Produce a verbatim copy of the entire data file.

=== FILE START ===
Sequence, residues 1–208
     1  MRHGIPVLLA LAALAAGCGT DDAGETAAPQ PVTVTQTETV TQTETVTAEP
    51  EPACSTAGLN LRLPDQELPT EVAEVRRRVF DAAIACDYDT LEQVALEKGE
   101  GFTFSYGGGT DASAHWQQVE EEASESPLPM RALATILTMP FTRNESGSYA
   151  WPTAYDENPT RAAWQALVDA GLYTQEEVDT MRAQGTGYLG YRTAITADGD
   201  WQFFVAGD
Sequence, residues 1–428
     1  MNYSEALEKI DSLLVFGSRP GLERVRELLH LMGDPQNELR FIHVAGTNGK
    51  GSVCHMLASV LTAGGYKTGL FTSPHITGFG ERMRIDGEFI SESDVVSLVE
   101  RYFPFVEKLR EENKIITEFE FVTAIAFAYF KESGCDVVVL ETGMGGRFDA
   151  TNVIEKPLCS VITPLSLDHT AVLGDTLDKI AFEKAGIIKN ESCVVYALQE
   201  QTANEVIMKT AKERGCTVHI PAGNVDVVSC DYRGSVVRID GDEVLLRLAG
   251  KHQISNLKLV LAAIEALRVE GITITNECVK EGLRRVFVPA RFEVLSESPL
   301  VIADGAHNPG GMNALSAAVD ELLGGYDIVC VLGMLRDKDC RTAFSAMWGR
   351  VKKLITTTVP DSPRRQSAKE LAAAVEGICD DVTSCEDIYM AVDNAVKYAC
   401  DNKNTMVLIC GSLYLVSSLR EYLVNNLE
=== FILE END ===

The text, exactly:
Sequence, residues 1–208
     1  MRHGIPVLLA LAALAAGCGT DDAGETAAPQ PVTVTQTETV TQTETVTAEP
    51  EPACSTAGLN LRLPDQELPT EVAEVRRRVF DAAIACDYDT LEQVALEKGE
   101  GFTFSYGGGT DASAHWQQVE EEASESPLPM RALATILTMP FTRNESGSYA
   151  WPTAYDENPT RAAWQALVDA GLYTQEEVDT MRAQGTGYLG YRTAITADGD
   201  WQFFVAGD
Sequence, residues 1–428
     1  MNYSEALEKI DSLLVFGSRP GLERVRELLH LMGDPQNELR FIHVAGTNGK
    51  GSVCHMLASV LTAGGYKTGL FTSPHITGFG ERMRIDGEFI SESDVVSLVE
   101  RYFPFVEKLR EENKIITEFE FVTAIAFAYF KESGCDVVVL ETGMGGRFDA
   151  TNVIEKPLCS VITPLSLDHT AVLGDTLDKI AFEKAGIIKN ESCVVYALQE
   201  QTANEVIMKT AKERGCTVHI PAGNVDVVSC DYRGSVVRID GDEVLLRLAG
   251  KHQISNLKLV LAAIEALRVE GITITNECVK EGLRRVFVPA RFEVLSESPL
   301  VIADGAHNPG GMNALSAAVD ELLGGYDIVC VLGMLRDKDC RTAFSAMWGR
   351  VKKLITTTVP DSPRRQSAKE LAAAVEGICD DVTSCEDIYM AVDNAVKYAC
   401  DNKNTMVLIC GSLYLVSSLR EYLVNNLE